Parish Of GamrieBy The Rev. Mr. Wilson
Origin of the Name.
It has long been a general report, and the prevailing tradition in this country, that, some time before the year 1004, in which the church of Gamrie is said to have been built, (and there is at this day the date 1004 on the steeple), that the Thane of Buchan pursued the Danes to the precipice or brow of the hill above the church, and there defeated them with great slaughter. Several of their skulls (most likely of their chiefs who had fallen in battle) were built into the church wall, where they remain entire: From hence it came to be called by some the Kirk of Sculls. In the Gaelic language, the word Kemri, from which, probably, Gamrie is derived, signifies running step, or running leap. And this derivation seems a natural one; because, from the situation of the hill, which is one of the highest on this part of the coast, and very steep on one side, it must have been a running skirmish, and very fatal to the vanquished. In some old registers, the name of the parish is written Ghaemrie. On the said eminence, above the kirk of Gamrie, at the east end of one of the most level and extensive plains in Buchan, are a number of vestiges of encampments, which at this day are called by the name of bloody pots, or bloody pits
Situation, Extent, & c.
The church and manse of Gamrie are built in a very extraordinary and romantic situation, on a sloping piece of ground in the middle of a hill, and not a mile from the town and harbour of Gardenstown. By two headlands, called Gamrie and Troup head, which project a considerable way into the sea, a beautiful bay is formed, where there is fine anchoring ground, and vessels can ride in safety. At high water, a person could fling a stone into the sea from the church; and looking out of it, it has the appearance, to a stranger, as if the sea washed its foundations. The church is built, after the manner of some very old edifices, with unslacked lime, and with very thick walls; and, although it has already stood for upwards of 700 years, it may, if the roof be kept in proper repair, last for hundreds of years to come. The north side of Gamrie parish is bounded by that part of the German Ocean called the Moray Firth; on the east by the parish of Aberdour; on the south by the parishes of Monwhitter and King Edward; and on the west by the river Dovern, which separates the parish of Gamrie from Banff. The parish stretches 9 1/2 miles along the sea-coast, which is a very bold one. It is almost a continued chain of stupendous rocks, in many places perpendicular, and 200 yards above the sea. It is between 3 and 4 miles broad. Gamrie parish lies in the county of Banff, presbytery of Turriff, and synod of Aberdeen. The soil, in many places, is very fertile, and in others as barren; and, though much has been done of late years, there is still great scope for improvement. The hilly ground is in general covered with heath, and in some places with a coarse kind of grass, on which sheep and young cattle are fed. Sheep, indeed, are very much banished from the parish. When Mr. Wilson fist came to the parish, there was scarcely a farmer who had not a flock; but now there are only two or three that have any at all. This is in a great measure owing to the introduction of sown grass, and the difficulty there is in winter herding, unless the practice was general.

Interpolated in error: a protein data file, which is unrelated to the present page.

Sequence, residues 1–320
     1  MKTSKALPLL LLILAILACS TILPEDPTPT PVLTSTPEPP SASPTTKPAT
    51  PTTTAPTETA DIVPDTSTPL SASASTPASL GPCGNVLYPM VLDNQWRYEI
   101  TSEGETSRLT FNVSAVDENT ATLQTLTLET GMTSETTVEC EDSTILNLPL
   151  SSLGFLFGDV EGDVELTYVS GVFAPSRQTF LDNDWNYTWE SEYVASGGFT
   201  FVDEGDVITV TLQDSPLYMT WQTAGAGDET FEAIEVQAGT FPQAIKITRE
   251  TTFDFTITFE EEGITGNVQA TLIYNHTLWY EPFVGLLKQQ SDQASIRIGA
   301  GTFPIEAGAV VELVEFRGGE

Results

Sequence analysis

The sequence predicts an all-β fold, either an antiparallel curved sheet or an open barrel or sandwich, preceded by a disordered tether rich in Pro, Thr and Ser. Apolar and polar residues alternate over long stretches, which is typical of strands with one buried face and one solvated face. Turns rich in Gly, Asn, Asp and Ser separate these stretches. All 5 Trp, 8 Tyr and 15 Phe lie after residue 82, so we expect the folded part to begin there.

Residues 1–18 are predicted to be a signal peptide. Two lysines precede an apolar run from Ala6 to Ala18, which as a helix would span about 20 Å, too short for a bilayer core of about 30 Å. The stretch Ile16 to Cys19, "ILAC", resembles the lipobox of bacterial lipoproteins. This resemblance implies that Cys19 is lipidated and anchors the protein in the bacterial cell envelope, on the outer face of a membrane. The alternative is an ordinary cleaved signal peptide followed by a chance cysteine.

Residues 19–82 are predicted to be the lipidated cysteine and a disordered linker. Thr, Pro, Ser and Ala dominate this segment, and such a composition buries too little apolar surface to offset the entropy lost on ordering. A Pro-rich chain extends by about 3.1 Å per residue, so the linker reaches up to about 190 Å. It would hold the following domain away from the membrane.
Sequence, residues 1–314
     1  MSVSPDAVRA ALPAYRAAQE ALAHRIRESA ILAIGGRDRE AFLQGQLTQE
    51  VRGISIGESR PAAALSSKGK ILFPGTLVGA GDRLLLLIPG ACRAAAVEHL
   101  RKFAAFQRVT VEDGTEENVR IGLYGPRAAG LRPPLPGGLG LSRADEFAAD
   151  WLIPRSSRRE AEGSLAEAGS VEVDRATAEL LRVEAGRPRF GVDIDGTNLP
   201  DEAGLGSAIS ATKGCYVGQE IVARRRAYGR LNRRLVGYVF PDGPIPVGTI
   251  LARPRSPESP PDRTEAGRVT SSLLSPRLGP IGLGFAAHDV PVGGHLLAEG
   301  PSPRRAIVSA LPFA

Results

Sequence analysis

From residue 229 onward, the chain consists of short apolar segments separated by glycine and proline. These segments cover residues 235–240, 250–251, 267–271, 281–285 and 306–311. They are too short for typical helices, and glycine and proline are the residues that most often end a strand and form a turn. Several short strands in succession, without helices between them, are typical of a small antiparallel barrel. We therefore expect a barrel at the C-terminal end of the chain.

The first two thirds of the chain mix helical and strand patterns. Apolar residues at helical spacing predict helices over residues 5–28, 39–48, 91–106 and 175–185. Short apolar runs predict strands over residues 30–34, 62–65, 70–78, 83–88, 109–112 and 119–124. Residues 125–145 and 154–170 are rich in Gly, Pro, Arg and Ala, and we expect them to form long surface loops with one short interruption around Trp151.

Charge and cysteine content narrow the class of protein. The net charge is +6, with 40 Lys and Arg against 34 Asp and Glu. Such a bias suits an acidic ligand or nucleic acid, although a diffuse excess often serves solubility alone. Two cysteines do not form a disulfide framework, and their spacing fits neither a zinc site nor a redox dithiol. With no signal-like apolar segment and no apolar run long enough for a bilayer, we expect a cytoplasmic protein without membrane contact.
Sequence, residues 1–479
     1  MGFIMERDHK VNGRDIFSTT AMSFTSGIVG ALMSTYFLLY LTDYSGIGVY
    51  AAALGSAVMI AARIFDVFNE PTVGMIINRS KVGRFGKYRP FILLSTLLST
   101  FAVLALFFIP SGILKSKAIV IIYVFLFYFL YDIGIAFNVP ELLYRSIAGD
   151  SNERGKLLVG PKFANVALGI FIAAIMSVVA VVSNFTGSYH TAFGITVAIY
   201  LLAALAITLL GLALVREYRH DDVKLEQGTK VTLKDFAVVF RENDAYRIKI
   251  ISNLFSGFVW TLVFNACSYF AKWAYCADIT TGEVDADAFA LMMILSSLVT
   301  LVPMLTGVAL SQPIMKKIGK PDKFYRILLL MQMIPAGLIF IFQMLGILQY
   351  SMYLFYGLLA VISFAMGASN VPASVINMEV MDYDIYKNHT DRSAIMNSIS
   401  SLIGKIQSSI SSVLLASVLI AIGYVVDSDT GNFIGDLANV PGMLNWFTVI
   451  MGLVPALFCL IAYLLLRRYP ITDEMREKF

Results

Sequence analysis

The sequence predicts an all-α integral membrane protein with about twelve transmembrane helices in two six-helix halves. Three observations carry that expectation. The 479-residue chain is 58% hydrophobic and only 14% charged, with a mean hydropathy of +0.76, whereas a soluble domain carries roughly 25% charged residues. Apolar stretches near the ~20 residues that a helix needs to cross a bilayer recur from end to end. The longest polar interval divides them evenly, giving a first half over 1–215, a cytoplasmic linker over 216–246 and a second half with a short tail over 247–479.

Sea Coast, and Fisheries.
On this coast a variety of different kinds of fish are caught, viz. Ling, cod haddocks, whitings, turbot, skate, & c. with which this country used to be remarkably well supplied, and a considerable quantity of them, when dried, were carried to the Firth of Forth, and sold there. From the best information, it appears that the fishermen in this parish have sometimes received for their salt fish L. 250 annually. Of late years, the fishing has been so remarkably poor, (to what cause it is perhaps difficult to say, but most likely one principal reason is, the immense quantities of seadogs, a kind of shark, with which this coast has been infested), that there has hardly been fish sufficient to supply the markets at home. Of consequence, it is supposed they have risen much in value. Long after the present minister was settled in the parish, he could have purchased haddocks at one penny and three half-pence a dozen, which now cost a shilling to eighteen pence; and in proportion for other kinds of fish, and every other article of food. On this coast, great quantities of sea weed, called ware, are thrown up on the shore, which the farmers lay on the ground, and find very profitable in raising crops of barley. In this parish, it is laid on with a very sparing hand, owing to the steepness of the coast, and the bad access to the shore. Considerable quantities also of this sea-weed are cut off from the rocks, for the purpose of making kelp. At an average, about 30 tons are made annually, which sell from L. 3 to L. 5 a ton. On the river Dovern, which separates the parishes of Banff and Gamrie, is an exceeding good salmon fishery, the property of Lord Fife, which lets for L. 1000 per annum. The salmon are all cured in the town of Macduff. The pickled fish are all sent to the London market, and what are salted are generally exported to France and Spain.
Mineral Springs, Quarries, & c.